Sakura’s family: Cutest family ever! (And props to CLAMP for showing different family structures!). Sakura’s father is kind, loving, a great cook, and still loves his deceased wife very much. Sakura’s mother, although she passed away a long time ago, is still very much a part of the family. Sakura’s dad changes her picture every day and everyone greets her each morning. It’s sad that she’s no longer there but also sweet how much her family still loves and cares for her. Toya, although on the surface seems to always make fun of Sakura, deeply cares for her and is concerned about her safety. This is evident when he works everywhere just to check up on her and when he doesn’t tell Sakura about him knowing when she uses Mirror because he knows she will just be more worried. Sigh… Toya makes me want an older brother sometimes. I also love it when they show the white board with everyone’s day schedule on it, such a cute detail.

Sakura’s friends: Sakura has such cute friends! I like how each of her friends have distinct personalities. Rika is shy, mature, and humble. Naoko love reading, ghost stories, and all things supernatural; she’s shown to be not very good at gym, though she is on the cheerleading squd with Sakura. Chiharu is cheerful and sweet and has the cutest relationship with Yamazaki. Ah… Yamazaki… one of my favorite characters. He is just too cute and funny with his made-up stories (see compilation video below). Though I have to say, as a gullible person, the first time he lied about the sloths, I actually believed him. He reminds me of Yufei, who also has a tendency to make up stories, mostly to me, since I’m such an easy and believing target. I don’t even know how many times I’ve fallen victim to his stories. But now I’ve grown used to it that I’m more like Chiharu when that happens, haha. Chiharu and Yamazaki are so cute together though!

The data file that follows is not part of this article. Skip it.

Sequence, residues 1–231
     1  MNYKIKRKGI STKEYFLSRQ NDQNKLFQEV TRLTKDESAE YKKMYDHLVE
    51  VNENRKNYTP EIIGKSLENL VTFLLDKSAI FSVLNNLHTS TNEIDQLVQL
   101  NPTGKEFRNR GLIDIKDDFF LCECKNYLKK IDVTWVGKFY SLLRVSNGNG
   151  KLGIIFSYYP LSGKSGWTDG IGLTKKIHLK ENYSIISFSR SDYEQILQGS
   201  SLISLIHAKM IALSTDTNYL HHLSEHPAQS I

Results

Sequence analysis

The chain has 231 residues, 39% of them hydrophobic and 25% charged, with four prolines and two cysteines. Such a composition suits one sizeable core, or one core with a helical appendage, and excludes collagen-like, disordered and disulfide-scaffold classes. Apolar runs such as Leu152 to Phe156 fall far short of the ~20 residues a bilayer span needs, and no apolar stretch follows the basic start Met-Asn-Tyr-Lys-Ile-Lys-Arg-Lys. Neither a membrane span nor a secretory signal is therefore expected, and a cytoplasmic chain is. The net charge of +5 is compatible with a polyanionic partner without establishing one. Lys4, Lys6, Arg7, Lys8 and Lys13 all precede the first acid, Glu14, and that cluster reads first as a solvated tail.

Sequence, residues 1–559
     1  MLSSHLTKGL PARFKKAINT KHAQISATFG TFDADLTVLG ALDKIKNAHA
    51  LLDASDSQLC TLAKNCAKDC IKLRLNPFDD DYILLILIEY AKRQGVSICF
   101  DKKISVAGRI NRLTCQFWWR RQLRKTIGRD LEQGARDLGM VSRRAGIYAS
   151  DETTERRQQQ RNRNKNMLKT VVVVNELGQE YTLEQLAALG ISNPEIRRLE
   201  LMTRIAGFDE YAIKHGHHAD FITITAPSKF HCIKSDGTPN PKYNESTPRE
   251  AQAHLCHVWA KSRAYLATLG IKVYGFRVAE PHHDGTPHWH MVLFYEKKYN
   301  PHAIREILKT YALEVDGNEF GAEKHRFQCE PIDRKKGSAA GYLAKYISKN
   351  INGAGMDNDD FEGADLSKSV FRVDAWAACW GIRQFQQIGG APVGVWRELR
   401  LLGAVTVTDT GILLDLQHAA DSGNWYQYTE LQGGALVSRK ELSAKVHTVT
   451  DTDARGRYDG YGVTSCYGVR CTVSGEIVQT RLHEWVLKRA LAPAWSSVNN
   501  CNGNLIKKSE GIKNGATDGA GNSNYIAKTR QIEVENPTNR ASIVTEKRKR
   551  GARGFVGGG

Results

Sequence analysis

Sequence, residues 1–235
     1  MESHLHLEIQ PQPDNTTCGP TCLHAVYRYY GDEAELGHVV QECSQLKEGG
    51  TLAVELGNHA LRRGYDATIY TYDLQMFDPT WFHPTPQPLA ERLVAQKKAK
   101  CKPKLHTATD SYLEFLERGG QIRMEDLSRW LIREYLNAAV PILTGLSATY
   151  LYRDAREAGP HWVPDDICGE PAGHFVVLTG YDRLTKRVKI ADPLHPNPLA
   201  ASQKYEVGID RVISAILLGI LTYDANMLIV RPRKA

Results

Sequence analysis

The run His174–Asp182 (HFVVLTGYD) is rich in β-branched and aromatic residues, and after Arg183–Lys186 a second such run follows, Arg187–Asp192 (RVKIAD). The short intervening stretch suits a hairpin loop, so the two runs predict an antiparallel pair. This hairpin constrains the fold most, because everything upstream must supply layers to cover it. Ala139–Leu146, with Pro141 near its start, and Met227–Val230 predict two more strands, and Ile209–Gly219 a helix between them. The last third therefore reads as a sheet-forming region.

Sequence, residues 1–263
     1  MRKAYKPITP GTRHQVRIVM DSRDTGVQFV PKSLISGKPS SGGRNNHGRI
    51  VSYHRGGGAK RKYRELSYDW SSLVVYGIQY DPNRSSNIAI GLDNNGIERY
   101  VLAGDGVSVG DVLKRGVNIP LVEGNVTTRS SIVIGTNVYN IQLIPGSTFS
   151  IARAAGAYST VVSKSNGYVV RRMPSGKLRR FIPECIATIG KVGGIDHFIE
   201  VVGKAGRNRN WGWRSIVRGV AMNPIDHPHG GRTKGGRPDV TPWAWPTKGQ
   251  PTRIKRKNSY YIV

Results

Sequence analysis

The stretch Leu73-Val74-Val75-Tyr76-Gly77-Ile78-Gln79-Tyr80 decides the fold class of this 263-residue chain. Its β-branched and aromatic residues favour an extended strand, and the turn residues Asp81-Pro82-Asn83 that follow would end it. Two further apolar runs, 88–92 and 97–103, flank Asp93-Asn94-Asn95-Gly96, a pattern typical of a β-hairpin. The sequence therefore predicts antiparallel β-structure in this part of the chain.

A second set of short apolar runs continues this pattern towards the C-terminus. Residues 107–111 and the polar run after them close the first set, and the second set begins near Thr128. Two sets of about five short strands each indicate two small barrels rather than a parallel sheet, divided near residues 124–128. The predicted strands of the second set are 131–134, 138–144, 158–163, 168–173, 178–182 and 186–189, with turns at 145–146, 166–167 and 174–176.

Alright, that’s it for characters. Moving on to other things I love about the series. It has gorgeous art! CLAMP has a beautiful art style and this is no different. Impressive character designs and incredible details, even the Clow Cards themselves are so intricately drawn. The soundtrack of the series is equally beautiful. I was listening to it over and over again while studying for finals last semester; the catchy tunes can get stuck in your head for days (not a bad thing). And I even found this amazing guitar rendition of the third season opening song Platinum:

One last note: another reason I love Cardcaptor Sakura so much is that it transports you into a world without evil. There isn’t a single villain in the entire series, and even the characters you think are bad guys turn out to be good after all. What a beautiful, peaceful, loving world it creates. Even though I know that the real world is far from the one in the series, it’s nice to believe it once in a while and bask in its warmth and magic. We all need that escape sometimes.